Tulip Bulbs: A Survival
Web Slide Show and Story
these reading and questioning strategies before diving into the slideshow/booklet
with students. Select those that fit with your teaching goals and grade
Invite students to draw what they think a tulip plant looks like during
Connections to Self
does your life change from season to season?
weather or climate challenges do you face?
do you overcome those challenges (e.g., get warmer clothes
do you think plants with bulbs survive in different seasons? (Keep
a running list of student ideas and observations.)
that plants can't decide to make changes like we can.
But over thousands of years, they have developed life cycles
and parts that make them more likely to survive in their changing
OR AFTER READING
As you read or re-read the story, create a class chart in which students
list "summer challenges" and "winter challenges" faced
by the earliest wild tulips. After reading, go back to this list; for
each item, ask students to explain which adaptations (life cycle changes
and plant parts) helped the plants survive.
students what they learned from the story about the geography
and latitude where the tulip is buried.
the class that the longitude of the tulip in the tale is 57
degrees E. Challenge students to pinpoint the tulip's location
on a world map or globe.
the class to estimate where the 46th "parallel" (latitude
line) falls on a North American map; have them identify or
mark Journey North tulip gardens planted near that latitude.
What can they discover about the climates in those regions?
students compare their original seasonal drawings with the
images in the slideshow/booklet. How are they the same and
different? How might they revise their drawings based on what
they learned? Ask them to make flipbooks depicting a tulip's
- Ask, How
is the climate in our schoolyard the same as or different
than the climate where tulips first developed? Our
schoolyard is further _____ (north or south). We are ______
(higher or lower) in elevation. Our lowest winter temperatures
tend to be (higher or lower).
- Ask, What
conditions seem to cause tulips to lose their roots and leaves?
do you think causes the soil to warm up in the spring? What
does the soil temperature influence?
signals the plant that conditions are right for growing?
happens in the summer that lets a bulb get through the winter
can a bulb plant survive without any leaves or roots?
do you think the sun seemed to stick around longer in the
reading this story, why do you think people in the southern
parts of the U.S. can't easily get tulips to bloom?
it takes "4 to 7 years to go from a seed to a flowering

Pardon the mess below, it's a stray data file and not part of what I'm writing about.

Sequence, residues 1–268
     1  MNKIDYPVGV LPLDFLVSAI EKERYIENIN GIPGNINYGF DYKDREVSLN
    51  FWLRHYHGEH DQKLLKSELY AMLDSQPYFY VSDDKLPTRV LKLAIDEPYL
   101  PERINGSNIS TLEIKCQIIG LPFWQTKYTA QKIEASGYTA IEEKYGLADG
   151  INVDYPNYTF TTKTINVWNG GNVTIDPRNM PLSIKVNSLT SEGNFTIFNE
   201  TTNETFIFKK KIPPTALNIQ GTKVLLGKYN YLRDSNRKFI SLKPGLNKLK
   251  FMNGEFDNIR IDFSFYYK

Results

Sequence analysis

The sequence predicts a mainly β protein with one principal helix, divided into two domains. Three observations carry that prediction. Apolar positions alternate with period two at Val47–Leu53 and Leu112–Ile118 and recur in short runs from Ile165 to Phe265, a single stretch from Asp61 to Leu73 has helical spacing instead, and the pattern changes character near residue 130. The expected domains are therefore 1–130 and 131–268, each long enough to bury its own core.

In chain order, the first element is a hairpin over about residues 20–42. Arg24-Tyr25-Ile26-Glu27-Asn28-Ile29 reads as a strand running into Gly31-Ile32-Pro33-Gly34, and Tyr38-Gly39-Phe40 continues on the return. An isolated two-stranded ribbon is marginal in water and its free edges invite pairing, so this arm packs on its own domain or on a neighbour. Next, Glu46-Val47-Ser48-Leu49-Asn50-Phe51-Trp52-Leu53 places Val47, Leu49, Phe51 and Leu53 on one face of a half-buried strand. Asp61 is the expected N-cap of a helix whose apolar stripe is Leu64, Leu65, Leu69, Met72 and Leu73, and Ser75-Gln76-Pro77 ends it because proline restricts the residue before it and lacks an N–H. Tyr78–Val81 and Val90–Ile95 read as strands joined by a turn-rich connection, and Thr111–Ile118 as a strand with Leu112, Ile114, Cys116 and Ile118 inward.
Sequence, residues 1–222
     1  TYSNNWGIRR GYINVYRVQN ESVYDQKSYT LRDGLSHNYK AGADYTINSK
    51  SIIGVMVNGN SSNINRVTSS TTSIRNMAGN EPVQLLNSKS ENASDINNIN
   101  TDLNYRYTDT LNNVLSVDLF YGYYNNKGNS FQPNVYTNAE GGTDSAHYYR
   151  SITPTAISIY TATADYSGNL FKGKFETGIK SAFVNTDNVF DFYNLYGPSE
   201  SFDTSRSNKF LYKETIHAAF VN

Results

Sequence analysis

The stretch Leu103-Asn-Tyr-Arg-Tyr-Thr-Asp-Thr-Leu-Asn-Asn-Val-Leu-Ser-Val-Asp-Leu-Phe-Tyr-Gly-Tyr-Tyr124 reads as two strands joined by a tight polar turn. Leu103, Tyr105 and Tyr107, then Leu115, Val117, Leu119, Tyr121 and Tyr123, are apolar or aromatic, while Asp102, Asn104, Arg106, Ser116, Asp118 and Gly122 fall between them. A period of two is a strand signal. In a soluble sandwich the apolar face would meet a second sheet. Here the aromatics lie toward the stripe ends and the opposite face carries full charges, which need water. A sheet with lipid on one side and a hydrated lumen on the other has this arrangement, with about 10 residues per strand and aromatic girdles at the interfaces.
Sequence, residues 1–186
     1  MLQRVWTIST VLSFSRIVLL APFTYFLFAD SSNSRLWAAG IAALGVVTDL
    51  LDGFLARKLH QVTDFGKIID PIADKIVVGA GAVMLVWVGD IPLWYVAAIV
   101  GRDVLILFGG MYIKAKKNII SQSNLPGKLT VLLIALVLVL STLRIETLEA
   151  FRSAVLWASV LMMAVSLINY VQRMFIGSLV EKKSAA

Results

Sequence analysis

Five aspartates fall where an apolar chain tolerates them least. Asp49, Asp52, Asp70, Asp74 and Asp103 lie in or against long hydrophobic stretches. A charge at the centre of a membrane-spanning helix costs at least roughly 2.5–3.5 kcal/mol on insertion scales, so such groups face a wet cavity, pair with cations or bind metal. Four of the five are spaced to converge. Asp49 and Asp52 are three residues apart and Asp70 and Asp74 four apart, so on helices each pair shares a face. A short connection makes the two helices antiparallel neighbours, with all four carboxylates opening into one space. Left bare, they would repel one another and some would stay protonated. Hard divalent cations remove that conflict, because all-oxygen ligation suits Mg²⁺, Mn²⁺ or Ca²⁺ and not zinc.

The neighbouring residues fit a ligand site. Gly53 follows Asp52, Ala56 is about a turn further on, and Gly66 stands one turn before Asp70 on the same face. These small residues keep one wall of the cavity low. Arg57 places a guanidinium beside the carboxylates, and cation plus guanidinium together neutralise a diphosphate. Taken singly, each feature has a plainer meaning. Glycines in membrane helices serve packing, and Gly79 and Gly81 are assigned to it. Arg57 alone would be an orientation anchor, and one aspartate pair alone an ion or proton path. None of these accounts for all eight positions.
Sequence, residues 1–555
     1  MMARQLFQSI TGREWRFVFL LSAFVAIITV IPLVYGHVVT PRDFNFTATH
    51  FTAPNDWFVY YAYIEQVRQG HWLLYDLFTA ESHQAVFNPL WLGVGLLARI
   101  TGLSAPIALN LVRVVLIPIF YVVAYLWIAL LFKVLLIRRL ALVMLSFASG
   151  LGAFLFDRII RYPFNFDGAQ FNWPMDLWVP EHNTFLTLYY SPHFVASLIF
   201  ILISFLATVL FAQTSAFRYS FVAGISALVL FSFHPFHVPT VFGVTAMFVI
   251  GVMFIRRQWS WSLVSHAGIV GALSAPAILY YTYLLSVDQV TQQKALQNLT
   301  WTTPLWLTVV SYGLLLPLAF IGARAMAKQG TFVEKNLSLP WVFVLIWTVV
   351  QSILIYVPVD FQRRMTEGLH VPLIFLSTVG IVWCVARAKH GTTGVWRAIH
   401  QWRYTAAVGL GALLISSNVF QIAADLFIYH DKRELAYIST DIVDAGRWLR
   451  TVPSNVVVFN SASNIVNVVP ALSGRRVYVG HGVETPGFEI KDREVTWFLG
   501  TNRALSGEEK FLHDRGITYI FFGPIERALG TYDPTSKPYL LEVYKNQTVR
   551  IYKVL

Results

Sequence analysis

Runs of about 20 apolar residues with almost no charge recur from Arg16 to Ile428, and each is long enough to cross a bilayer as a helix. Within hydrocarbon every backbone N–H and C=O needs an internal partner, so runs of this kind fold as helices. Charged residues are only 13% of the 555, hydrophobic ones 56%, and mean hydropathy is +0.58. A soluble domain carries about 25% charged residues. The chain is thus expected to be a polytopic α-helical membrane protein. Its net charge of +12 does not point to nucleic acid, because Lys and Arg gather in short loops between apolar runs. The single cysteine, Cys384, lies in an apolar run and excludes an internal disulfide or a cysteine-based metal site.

size bulb," how do you manage to bloom each year?
questions do you still have about tulip survival or adaptations?
How could you try to find answers?
Tulips, Designer Tulips
You may wonder why tulips in your schoolyard lose their leaves
and go dormant during the summer. After all, you may not have
extremely hot and dry summers like the regions where tulips originated.
The fact that the bulbs still have a similar life cycle reflects
humans have also "bred" tulips for many hundreds
of years. Those we have today no longer look or "act" much
like their ancestors. (Early wild tulips had rather small
flowers, for instance.) Plant scientists create new varieties
to meet human desires for unique colors, designs, and
bloom times. They do this by moving pollen between plants
and saving seeds or growing "clones" from tissues
This! Dig up one of your bulbs in mid-winter
to find out what's up: What's
Happening Underground? Bulb Life Cycles.
This! Ask, How do you think people
in areas with warm winter climates might "trick" tulips
into blooming? Try it yourselves! Simulating
Winter: Indoor Bulb Experiments.
Hint: Tulips require at least 10 weeks
of temperatures between 34 and 50 degrees F. in order
to bloom. People in warmer climates can simulate underground
winter temperatures by planting bulbs in containers
and keeping them in a cool place for two months or
a digital camera to create a photo story or flipbook of the
life cycle of tulips in your own garden. First watch this
sequence of a tulip blooming.
students that tulips are found in the wild in Southern Italy,
Southern France, Turkey, China, and Korea. Have them draw
a line connecting each of those countries. What does it tell
them about the general latitude in which tulips naturally
grow? How does it compare with the latitude of your school?